For years, there has been a debate in the rockabilly world: Who played guitar on the Johnny Burnette and the Rock and Roll Trio recordings? This debate can go on for days among the guitar geeks of the modern era.
The short version of the story is that Paul Burlison was the guitar player in the band, and he always claimed that he was the guitar player on all the Rock and Roll Trio recordings. I was friends with Paul, and he was a great guy and a great guitarist. So any discussion of this is not meant to insult the memory of my departed friend. However, I think it’s important to get at the truth.
Here’s what I have always believed: Paul Burlison played on the first session, in New York City—the session that recorded such rockabilly classics as “Tear It Up,” “You’re Undecided” and “Oh Baby Babe.” Paul played a Fender Esquire, and it SOUNDS like a Fender Esquire on those recordings. Pure twangy and thin Fender treble pickup sound.
The rest of the recordings by the band were done in Nashville. The guitar tone (and the licks and phrasing) are all remarkably different than the New York sessions. It is my belief that Grady Martin played lead guitar on these recordings, Bob Moore played bass, and Buddy Harman played drums—the Nashville “A Team” of session musicians in the 1950s and 1960s. We don’t know exactly why producer Owen Bradley didn’t have Dorsey Burnette play bass or Paul Burlison play guitar, but if you really listen to those records, it’s pretty obvious that it is Grady Martin on lead guitar. Check out this link to read further on this debate: http://www.the-jime.dk/Rockabilly_Guitar/Johnny_Burnette_The_Rock-n-Roll_Trio.htm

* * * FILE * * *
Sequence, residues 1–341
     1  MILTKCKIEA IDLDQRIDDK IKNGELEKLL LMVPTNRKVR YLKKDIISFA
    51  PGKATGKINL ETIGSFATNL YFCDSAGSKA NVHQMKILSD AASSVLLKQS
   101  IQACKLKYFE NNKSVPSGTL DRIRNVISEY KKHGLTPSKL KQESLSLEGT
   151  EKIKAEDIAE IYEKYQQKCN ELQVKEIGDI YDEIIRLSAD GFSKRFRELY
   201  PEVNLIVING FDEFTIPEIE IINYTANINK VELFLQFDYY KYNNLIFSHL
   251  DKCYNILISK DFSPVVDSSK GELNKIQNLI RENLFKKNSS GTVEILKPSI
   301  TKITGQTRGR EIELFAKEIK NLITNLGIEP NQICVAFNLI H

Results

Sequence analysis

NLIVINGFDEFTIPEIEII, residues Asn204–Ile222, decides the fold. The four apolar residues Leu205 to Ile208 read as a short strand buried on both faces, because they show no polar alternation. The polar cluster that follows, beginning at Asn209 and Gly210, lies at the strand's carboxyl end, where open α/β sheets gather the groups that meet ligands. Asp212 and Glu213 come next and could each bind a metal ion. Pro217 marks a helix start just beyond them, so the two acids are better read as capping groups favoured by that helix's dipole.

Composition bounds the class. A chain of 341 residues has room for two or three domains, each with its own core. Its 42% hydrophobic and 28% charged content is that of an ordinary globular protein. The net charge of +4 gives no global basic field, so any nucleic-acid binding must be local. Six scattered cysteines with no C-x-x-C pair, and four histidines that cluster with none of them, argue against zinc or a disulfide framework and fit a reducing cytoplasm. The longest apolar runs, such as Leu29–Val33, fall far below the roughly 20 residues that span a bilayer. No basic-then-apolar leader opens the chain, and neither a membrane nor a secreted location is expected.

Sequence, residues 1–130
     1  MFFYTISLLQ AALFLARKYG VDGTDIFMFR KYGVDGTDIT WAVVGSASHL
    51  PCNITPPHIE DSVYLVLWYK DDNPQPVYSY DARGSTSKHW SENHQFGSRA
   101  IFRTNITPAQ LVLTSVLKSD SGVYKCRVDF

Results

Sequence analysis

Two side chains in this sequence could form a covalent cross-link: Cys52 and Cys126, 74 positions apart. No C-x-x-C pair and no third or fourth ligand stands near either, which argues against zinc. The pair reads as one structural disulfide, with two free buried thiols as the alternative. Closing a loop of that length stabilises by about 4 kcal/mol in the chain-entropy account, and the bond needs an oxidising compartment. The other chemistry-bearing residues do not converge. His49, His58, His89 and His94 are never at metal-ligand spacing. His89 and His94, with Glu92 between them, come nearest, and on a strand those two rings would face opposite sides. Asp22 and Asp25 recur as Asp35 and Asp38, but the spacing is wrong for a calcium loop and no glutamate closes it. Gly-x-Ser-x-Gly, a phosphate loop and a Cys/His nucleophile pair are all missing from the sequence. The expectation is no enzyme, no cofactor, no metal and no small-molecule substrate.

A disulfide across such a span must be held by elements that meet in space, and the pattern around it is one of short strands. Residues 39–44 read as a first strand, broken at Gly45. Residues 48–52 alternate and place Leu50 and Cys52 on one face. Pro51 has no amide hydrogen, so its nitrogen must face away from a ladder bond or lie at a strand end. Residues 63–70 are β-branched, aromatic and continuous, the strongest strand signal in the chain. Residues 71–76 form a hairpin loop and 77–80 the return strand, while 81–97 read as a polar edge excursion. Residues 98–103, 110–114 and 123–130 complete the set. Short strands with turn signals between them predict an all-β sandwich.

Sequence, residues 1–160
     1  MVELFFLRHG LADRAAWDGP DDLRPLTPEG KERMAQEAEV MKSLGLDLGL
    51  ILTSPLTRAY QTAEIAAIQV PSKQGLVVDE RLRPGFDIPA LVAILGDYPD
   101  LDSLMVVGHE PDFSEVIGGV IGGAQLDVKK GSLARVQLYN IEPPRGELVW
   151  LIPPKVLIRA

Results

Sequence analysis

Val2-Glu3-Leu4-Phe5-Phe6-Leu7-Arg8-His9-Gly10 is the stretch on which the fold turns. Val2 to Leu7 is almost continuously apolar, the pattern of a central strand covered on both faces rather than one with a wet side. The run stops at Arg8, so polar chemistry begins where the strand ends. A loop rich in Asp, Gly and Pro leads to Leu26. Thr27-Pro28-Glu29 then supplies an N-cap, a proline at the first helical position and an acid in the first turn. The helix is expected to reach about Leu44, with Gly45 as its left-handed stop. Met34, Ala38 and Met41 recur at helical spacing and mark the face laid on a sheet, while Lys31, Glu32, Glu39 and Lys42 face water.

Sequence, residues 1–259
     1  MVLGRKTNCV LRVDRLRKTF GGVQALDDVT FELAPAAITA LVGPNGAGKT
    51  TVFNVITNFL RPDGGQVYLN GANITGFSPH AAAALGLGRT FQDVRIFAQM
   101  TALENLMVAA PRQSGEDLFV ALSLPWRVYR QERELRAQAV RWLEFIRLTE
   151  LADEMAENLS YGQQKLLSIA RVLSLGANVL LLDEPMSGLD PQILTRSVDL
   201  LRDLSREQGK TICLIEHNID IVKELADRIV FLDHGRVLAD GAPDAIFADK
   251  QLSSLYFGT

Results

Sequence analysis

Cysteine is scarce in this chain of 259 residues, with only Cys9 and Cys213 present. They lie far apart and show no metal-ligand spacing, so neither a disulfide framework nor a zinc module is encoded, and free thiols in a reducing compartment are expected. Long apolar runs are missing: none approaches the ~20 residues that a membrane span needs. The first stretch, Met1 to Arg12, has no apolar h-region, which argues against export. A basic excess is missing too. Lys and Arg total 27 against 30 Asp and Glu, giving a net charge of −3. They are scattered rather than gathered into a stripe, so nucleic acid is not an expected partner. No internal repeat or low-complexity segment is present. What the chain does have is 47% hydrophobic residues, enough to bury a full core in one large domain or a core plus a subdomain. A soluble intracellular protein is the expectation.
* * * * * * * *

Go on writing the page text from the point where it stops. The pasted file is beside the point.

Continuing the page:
There was always one thing that eluded a clear answer, though. Was it Grady or Paul who played the strange and distorted octave-doubled leads on the two craziest records that the Johnny Burnette Trio ever laid down: “Honey Hush” and the inimitable “Train Kept a Rollin’?” Again, Paul always insisted it was him, even coming forth with a story about how a tube in his Fender Tweed Deluxe became loose, making his amp get a crazy, distorted sound. Many of those who believe that Grady Martin played lead guitar on such Trio recordings as “Lonesome Tears in My Eyes” or “Lonesome Train” still believed that it was Paul who played the octave-doubled parts on “Train Kept Aa Rollin’” and “Honey Hush.”
No…it was Grady.
Chris Scruggs, known as “The Professor” in his role as bass player for Marty Stuart and the Fabulous Superlatives, sent me this obscure Stonewall Jackson tune yesterday. What a find! I had never heard this gem. There it was, in early 1960s Nashville Countrypolitan form: Grady Martin playing the same octave-doubled parts, the same minor-third and root back-and-forth (to quote the Professor). https://www.youtube.com/watch?v=cY0oheh87dw
There’s another record, too: the York Brothers “Everybody’s Tryin’ to Be My Baby,” recorded at Owen Bradley’s studio right around the same time as the Johnny Burnette Trio recordings—you can hear Grady Martin slip into the “Octaves” thing, not quite as full-bore as the Burnette recordings, but there it is, as plain as day. https://www.youtube.com/watch?v=o6ZIc51pUTg
Hearing this early 1960s Stonewall Jackson cut just confirms, once and for all, that it was Grady who played that crazy octave-doubling part on the Johnny Burnette Trio recordings of “Train Kept a Rollin’” and “Honey Hush,” licks that would be duplicated by Jeff Beck and Jimmy Page in the Yardbirds, Led Zeppelin and beyond (the Yardbirds’ version of “Train’ Kept a Rollin’” became an oft-covered standard in the late 1960s and 1970s rock scene). All played by the same guy, Grady Martin, who also played soft and gentle lead guitar on tracks like “El Paso” by Marty Robbins, and “Saginaw, Michigan” by Lefty Frizzell. Those were some talented—and versatile—fingers!
Thanks again to Chris Scruggs for this find. It’s truly remarkable! Links to the York Brothers track and the Johnny Burnette tracks in the comments.